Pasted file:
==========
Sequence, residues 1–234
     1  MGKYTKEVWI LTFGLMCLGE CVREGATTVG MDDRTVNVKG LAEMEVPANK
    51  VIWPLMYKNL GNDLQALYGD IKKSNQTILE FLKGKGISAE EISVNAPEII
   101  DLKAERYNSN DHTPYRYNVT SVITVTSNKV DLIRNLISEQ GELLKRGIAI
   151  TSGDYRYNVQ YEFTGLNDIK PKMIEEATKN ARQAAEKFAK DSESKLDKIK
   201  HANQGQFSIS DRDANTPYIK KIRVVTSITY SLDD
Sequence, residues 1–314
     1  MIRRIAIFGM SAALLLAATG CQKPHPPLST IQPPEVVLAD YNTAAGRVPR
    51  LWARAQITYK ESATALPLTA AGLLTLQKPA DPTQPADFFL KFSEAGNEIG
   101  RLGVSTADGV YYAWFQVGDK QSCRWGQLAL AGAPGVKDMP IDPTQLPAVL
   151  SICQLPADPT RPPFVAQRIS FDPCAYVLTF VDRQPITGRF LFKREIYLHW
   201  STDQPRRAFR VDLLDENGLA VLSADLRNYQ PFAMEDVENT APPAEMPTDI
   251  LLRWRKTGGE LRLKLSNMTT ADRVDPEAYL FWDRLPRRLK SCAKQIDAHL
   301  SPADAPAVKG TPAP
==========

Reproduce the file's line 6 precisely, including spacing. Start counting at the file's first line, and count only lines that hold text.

   201  HANQGQFSIS DRDANTPYIK KIRVVTSITY SLDD